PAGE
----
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An Interview with Glenn Rolfe

Published April 1, 2017 by MommaCat

glenn-rolfe-author-photo

Please tell us about your upcoming books and their production schedule.

I’m currently talking about my re-released pieces. My first novel, THE HAUNTED HALLS, the story of an evil-as-all-hell spirit that takes up residence at a small Maine inn and wreaks all sorts of havoc, has a new eBook edition from Matt Shaw Publications and a new, beautiful print edition from Shadow Work Publishing. Two of my Samhain Publishing novellas just came back out in new editions from Crossroad Press, too. ABRAM’S BRIDGE is a small town mystery/ghost story. Has more of a Ketchum vibe with real life horror at home. THINGS WE FEAR is probably my most ambitious novella in regards to how many issues I tried to tackle within its pages. Each character has their own fight with fear, and of course, it all comes together like one immense car crash. Those are available now.

My next new release will be my novel, BECOMING. I’m aiming to get it out for April 1st. 

This one is about a town where people are vanishing or changing. The stranger things get, the more trouble my three main characters realize they are truly in. Inspired by a mix of James A. Moore’s RABID GROWTH and King’s THE TOMMYKNOCKERS, I’m excited for people to read this one.

Who are the authors that have influenced your writing the most?

For me, King, of course, and Richard Laymon, Jack Ketchum, Bentley Little, and more recently Ronald Malfi and Brian Moreland.

I love the way King and Ketchum work horror into reality. That’s what makes them so huge. Little is just nuts and fun, Laymon had a way of bringing this insanity and viciousness into a pulpy, movie-like realm and keeping you at the edge of your seat. He got a bit ridiculous at times, but like the other, he was fearless in his writing.

Malfi and Moreland are the two authors I look at as my modern gold standard. To me, they’re head and shoulders above the rest right now. They should be publishing with the majors. They are my next King and Ketchum. Their writing is beautiful and characters and stories are fresh and inspiring.

Who would you like to have drinks with?

Well, I had a drink in my hand and a good buzz when talking to Jack Ketchum at a Samhain after-party…does that count?

That was cool. I’d love to have a beer and take in a Red Sox game with King. Can we get that arranged?

If you could live in (or just visit) any world, real or imaginary, where would it be and why?

Man, I’d love to visit Australia. It seems so cool. I mean, besides all their freaky, poisonous critters. I’d consider moving to the west coast of the US, too. New Mexico, Arizona, or maybe Oregon or Northern California.

Most authors have held many many jobs on their way to becoming successful. What are some of the jobs you have had?

Too many. I loved delivering newspapers in the middle of the night. Did that for a long time for extra money. I’d listen to Coast to Coast AM and get all freaked out. Also worked at movie theaters a few times. Free movies is always a great benefit. My current hotel job allows for a lot of reading time during the day and writing time on my overnights.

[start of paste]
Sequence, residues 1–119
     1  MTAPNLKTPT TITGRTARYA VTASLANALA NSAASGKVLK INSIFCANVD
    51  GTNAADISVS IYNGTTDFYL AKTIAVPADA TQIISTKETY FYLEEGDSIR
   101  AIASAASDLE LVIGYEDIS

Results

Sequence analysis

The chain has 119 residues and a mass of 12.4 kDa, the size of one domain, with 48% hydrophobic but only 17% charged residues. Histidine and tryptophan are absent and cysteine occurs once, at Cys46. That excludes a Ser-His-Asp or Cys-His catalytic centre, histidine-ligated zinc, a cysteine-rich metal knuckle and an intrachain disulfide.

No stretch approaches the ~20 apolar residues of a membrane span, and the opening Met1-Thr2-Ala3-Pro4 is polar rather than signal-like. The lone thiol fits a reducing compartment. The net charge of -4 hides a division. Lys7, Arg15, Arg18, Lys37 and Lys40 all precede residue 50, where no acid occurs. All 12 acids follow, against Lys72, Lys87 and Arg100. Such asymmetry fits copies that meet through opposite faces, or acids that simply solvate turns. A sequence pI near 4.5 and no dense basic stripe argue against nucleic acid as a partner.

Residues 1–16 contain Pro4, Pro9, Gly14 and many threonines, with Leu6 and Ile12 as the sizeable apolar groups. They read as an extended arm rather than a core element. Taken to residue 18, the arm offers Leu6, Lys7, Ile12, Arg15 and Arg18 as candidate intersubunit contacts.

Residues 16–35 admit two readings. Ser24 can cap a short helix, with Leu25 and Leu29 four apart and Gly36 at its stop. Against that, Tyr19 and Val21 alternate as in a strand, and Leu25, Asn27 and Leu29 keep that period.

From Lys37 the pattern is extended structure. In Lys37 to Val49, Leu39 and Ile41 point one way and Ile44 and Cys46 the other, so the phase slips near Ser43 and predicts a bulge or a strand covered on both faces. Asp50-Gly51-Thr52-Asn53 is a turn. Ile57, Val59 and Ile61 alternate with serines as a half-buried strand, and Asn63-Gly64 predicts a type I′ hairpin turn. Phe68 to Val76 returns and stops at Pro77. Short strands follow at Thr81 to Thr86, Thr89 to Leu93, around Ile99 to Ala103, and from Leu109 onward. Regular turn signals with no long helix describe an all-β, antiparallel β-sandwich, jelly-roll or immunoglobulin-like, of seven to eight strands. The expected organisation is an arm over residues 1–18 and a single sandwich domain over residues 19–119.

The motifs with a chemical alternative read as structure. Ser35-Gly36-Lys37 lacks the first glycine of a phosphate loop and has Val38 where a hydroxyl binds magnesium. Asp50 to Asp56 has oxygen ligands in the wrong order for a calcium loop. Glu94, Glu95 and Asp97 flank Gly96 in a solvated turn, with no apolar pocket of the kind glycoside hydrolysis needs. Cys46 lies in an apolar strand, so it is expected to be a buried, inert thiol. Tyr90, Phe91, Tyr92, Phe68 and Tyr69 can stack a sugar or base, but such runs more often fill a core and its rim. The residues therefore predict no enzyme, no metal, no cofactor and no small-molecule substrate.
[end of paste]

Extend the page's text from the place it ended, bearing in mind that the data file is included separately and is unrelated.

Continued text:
If you were able to trade bodies with one person for one day who would it be and why?

Axl Rose. I’d love to get up there with that voice and those songs, with Slash and Duff and just go for it.

AxlRose

What are you reading now?

I just started Stephen King’s IT and Michael McDowell’s THE ELEMENTALS. I’ve never read either of them. I’m already in reading heaven.

I’m also going to squeeze in Kristopher Rufty’s new one, SOMETHING VIOLENT.

Do you have any guilty pleasure books/authors? You know the ones…stuff you don’t let your friends see you reading.

Not really. I don’t care what people think. I can admit to enjoying Dan Brown, can’t I?

THE DAVINCI CODE is amazing. I don’t think “page turner” has ever been more appropriate.

What do you like to do when you’re not writing or reading?

Hang with my wife and kids and listen to tunes or watch movies.

What five people living or dead would you invite to a dinner party?

Stephen King, Bruce Springsteen, Noel Gallagher, Quentin Tarantino, Steve Irwin.

How do you want the world to remember you?

However they want, just remember me! I hope to leave a few great books behind.

He’s off to a great start!  This is one author you won’t soon forget.

Follow him on Twitter 

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On the web 

I read Abram’s Bridge.  This was a ghost story that was every bit as poignant and heartwrenching as anything to come from the pen of Willie Meikle. Originally published by the now defunct Samhain, it is currently being published by Crossroads Press.  I believe it was Glenn’s debut novella.

It depicts the dark side of life in a small, rural town.  Secrets are handed down from generation to generation.  You’ll be glad you read this.

Buy ABRAM’S BRIDGE at Amazon.com

abrams bridge

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An Interview with Willie Meikle